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A CurtainUp Review
Elizabeth Von Armin's escapist novel of a four-woman getaway trip is set in (then contemporary) post WWI London and at a rural location in Italy. Matthew Barber's adaptation, that did fairly well on Broadway in 2003 and last summer in the Berkshires when it featured some of Shakespeare & Company's leading ladies (see links below). At the Walnut Street Theatre the first act is played shallow, downstage before a clever huge backdrop of a London Times page advertising the rental of a small castle in Italy. Subtle lighting effects suggest dreary, rainy London weather. Actors are appropriately, up-tightly costumed.
Audience expectations grow concerning the next set, tantalizingly hidden behind the scrim. The unveiling of the second act at the Italian villa, however, doesn't draw the large, appreciative gasp that might have been expected. Surely everyone loves light and color, but while the advertised Italian "small castle" itself is picturesque --complete with tile roof-- the scene is strictly paradiso by way of Big K Mart. Overly bright light exposes clumps of frankly fake wisteria and hanging baskets of gaudy artificial flowers. A bit less literalness and more illusion would have served the scene well. This second act of the old fashioned drawing room comedy introduces drop-trou humor and farcical comings and goings. Music is employed sparingly and more would be welcome.
The actors appear to enjoy playing their exaggerated roles, and the audience appreciates it. Bright, formulaic acting suits the format and its funny, time-worn sentiments. Alicia Roper is energetic as Lotty Wilton, the lead and impetus of the story. Playing Rose Arnott, a complete stranger and Lotty's new best friend, is Maureen Garrett of Guiding Light fame. She embues the part with considerable sensitivity considering the material she is given to work with. Wendy Scharfman as the elderly Mrs. Graves does a good job with her juicy supporting role. Meghan Heimbecker is a subdued Lady Caroline Bramble, the outrageous and beautiful yet secretly sad socialite. The audience loves Costanza, the Italian maid played with subversive gusto by Caroline Rossi. Ian Merrill Peakes is a charmer as landlord Antony Wilding, and Dan Olmstead handles the role of Mellersh Wilton, which Alfred Molina captured so well in the 1991 film version. Sometimes difficult to understand, Ian D. Clark is the good, if sketchily written comic character, Frederick.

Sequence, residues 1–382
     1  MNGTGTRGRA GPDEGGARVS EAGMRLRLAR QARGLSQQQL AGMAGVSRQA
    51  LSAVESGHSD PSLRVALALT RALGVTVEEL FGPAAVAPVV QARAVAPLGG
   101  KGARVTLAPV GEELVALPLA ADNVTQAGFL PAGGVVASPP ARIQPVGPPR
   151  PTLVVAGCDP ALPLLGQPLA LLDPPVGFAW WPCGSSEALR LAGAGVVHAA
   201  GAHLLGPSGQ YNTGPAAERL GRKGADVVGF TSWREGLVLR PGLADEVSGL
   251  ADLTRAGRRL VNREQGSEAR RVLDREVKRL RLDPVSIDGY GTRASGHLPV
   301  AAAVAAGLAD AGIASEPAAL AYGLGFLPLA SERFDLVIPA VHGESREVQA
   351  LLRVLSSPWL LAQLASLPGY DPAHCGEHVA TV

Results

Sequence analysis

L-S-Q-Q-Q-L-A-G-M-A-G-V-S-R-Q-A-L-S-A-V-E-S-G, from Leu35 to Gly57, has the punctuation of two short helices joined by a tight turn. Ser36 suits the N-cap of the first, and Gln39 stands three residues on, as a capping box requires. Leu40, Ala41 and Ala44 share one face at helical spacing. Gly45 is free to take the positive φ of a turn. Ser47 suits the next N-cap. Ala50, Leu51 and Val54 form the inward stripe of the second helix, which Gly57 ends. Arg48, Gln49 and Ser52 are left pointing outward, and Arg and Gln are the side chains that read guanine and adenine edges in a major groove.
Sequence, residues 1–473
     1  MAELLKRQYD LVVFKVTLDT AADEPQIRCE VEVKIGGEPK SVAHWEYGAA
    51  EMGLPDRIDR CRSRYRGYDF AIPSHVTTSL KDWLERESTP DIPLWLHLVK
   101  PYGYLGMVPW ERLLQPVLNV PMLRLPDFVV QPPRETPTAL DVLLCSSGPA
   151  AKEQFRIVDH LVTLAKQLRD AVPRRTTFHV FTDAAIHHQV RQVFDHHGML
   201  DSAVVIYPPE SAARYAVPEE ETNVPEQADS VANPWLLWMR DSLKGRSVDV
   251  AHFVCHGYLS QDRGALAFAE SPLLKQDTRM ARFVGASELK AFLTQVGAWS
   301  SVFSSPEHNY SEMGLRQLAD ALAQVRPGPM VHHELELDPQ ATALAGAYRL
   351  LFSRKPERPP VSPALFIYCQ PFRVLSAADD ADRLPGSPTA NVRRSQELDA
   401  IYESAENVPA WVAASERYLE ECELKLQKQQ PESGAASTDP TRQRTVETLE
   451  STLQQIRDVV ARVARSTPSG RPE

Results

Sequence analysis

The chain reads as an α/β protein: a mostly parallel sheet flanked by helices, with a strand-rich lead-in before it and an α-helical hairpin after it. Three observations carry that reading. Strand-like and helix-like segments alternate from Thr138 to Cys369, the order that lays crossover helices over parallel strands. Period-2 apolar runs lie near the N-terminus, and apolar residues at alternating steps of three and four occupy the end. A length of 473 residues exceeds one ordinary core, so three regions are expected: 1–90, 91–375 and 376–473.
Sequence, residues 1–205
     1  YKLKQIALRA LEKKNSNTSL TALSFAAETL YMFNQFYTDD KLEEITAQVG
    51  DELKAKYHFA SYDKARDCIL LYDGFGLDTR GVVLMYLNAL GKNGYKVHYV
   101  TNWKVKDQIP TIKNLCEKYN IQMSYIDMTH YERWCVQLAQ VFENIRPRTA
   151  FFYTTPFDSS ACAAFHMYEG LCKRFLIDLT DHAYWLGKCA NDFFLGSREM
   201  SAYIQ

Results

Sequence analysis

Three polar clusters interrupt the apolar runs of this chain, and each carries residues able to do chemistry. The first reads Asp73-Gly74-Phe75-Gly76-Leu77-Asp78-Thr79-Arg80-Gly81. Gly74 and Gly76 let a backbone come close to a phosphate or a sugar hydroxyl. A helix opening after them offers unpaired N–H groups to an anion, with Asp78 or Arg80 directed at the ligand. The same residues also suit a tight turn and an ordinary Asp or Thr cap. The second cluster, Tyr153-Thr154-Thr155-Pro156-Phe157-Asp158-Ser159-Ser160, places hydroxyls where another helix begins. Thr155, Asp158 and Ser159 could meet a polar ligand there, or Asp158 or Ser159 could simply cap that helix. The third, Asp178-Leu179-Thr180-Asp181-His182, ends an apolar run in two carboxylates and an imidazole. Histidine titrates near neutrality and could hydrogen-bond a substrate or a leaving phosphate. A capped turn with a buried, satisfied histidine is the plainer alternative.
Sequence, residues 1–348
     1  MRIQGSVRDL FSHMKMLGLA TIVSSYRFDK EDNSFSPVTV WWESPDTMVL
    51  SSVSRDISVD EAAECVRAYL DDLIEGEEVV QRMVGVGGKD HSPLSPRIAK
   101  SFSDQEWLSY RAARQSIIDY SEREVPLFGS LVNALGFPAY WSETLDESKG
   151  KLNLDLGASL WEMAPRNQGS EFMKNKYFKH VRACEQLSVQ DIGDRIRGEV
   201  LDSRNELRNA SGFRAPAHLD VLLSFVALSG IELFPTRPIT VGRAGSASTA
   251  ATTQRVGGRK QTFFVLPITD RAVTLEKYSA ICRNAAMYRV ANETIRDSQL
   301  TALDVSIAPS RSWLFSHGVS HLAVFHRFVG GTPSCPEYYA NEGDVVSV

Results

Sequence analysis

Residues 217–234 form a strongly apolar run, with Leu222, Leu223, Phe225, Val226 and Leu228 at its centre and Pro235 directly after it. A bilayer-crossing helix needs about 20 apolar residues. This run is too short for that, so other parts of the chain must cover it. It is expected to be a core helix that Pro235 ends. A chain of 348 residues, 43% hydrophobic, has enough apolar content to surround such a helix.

While the story is unsophisticated and fun with a small, healthy, warm message, there are several troubling little gaps. A few of them: Mellersh goes through changes that occur for no apparent reason. We see the before and after, but no real inciting, transition-inducing event. Then there's a big set up for Frederick, the roving eyed husband, and we wait for the obligatory confrontation or big laugh or something, anything, that never comes. And an 11th hour love interest between two characters who have barely noticed each other is manufactured to effect a tidy, happy ending. Despite all these niggling issues, some of which were heard being tossed about during the egress, the audience clearly enjoyed the show.
Enchanted April-Broadway /
Easy-on-the budget super gift for yourself and your musical loving friends. Tons of gorgeous pictures.
Leonard Maltin's 2007 Movie Guide
At This Theater
Leonard Maltin's 2005 Movie Guide